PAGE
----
What if there was a war taking place in the world that did not receive news coverage because of the staggering civilian casualties? How would something like this make you feel? Well, I know how it would make me feel: pissed off. Also, what if your own country’s government was partly to blame for the drastic collateral damage? Would you do some research and look into the conflict to determine how responsible your country is? That is exactly what I did and I must admit I am extremely disgusted with this ongoing war. The war I am talking about is the Yemeni war. Most people know nothing about the conflict in Yemen because of the immense news coverage on the wars in Syria and Iraq; however, my goal is to shed some light on the secret war along with the brutality that has taken place within the Middle Eastern territory.
The war in Yemen began when Houthi rebels and allied forces loyal to the former Yemeni president Ali Abdullah Saleh advanced far into the country’s south. This led to the current president, Abd Rabbuh Mansour Hadi fleeing the country and taking refuge in Saudi Arabia, whom began to conduct airstrikes within Yemen in hopes of reinstating Mansour Hadi. Eventually, and quite frankly not a surprise, the US government started to support their longtime ally Saudi Arabia in the conflict. In the last year, US tankers have given 28 million pounds of fuel to the Saudi Arabia’s planes, and since 2010, the US has sold the kingdom over 100 million dollars worth of arms. Some have even suggested the US is regularly operating armed drones in Yemen. An investigative journalist with the airstrike tracking website, Airwars has said it is no secret the US is operating drones within the country especially after the Houthi rebels forced the government to seek refuge in Saudi Arabia.
Now that I have tackled the history of the Yemeni war and talked about the involvement of Saudi Arabia along with the US in the region, I must address the ridiculous amount of collateral damage that has occurred since the Saudis intervened. Remember, collateral damage is just another term for civilian casualties. News sources outside of the mainstream news have highlighted the enormous amount of civilian casualties reported out of Yemen; this was further documented in a recent coalition airstrike on a market in northwest Yemen. The UN confirmed the Saudi-led airstrike campaign killed 100 civilians, including 24 children when the marketplace was bombarded with bombs. Furthermore, 10 bodies were reportedly burned beyond recognition. Collateral damage at this level is without a doubt prohibited under international law and could possibly constitute a war crime. Since Saudi Arabia intervened on March 26th, there have been anywhere between 2600-3200 civilian casualties in Yemen; 60% of which were caused by the coalition airstrikes with the other 40% coming from the Houthi rebels.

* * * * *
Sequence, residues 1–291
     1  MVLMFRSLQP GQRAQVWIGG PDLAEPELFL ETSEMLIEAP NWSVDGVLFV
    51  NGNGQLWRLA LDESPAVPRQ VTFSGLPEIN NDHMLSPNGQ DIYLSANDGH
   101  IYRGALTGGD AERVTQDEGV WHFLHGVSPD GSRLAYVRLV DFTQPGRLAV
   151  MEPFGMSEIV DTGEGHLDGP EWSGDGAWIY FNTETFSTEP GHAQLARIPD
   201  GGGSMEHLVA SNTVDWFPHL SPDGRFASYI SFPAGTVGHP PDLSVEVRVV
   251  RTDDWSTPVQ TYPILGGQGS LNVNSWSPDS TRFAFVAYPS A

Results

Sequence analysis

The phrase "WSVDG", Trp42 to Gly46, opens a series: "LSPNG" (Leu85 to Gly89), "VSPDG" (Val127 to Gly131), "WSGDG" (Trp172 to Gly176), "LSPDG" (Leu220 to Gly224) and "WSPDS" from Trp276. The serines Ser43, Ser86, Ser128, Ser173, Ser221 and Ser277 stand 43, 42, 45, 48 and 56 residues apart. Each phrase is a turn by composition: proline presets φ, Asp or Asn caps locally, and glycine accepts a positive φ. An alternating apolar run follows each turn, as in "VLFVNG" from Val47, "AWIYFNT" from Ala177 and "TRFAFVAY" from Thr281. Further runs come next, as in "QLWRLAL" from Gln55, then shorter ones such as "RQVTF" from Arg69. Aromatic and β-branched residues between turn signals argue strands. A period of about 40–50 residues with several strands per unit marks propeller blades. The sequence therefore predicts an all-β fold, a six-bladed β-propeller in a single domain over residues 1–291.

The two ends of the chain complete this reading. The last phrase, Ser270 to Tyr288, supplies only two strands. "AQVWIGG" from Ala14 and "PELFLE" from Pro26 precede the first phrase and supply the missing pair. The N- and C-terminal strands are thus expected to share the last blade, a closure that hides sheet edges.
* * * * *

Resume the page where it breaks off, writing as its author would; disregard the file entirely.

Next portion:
So, why has there been so many civilian casualties in Yemen? Some of it can be attributed to the Houthi rebels using migrants as human shields, but some have said there are fewer safeguards with the airstrikes being conducted in Yemen. This is a result from US forces being compelled to leave the region, leading to the airstrikes being even less accurate, thus leading to an increased number of civilian casualties. I can understand that the war in Yemen has become worse over the past year, but US forces are there to make sure civilian casualties do not occur along with scaling back the influence of the Houthi rebels. Basically, the US pulled their forces out of the Middle Eastern country to save themselves, leaving thousands of civilians more susceptible to being killed by airstrikes. A development like this makes me extremely angry because innocent people within Yemen are being killed for no reason. The Yemen intervention has largely failed. Supposedly, after the attack on the marketplace, Saudi Arabia claimed they would decrease their military operations in the country since they really have not achieved their goals within a year of bombing the country. This goes to show, just like in Iraq and Syria, wars cannot be solved simply by bombing the country into oblivion especially when more civilians are being killed than rebels.
Contributed by R.A.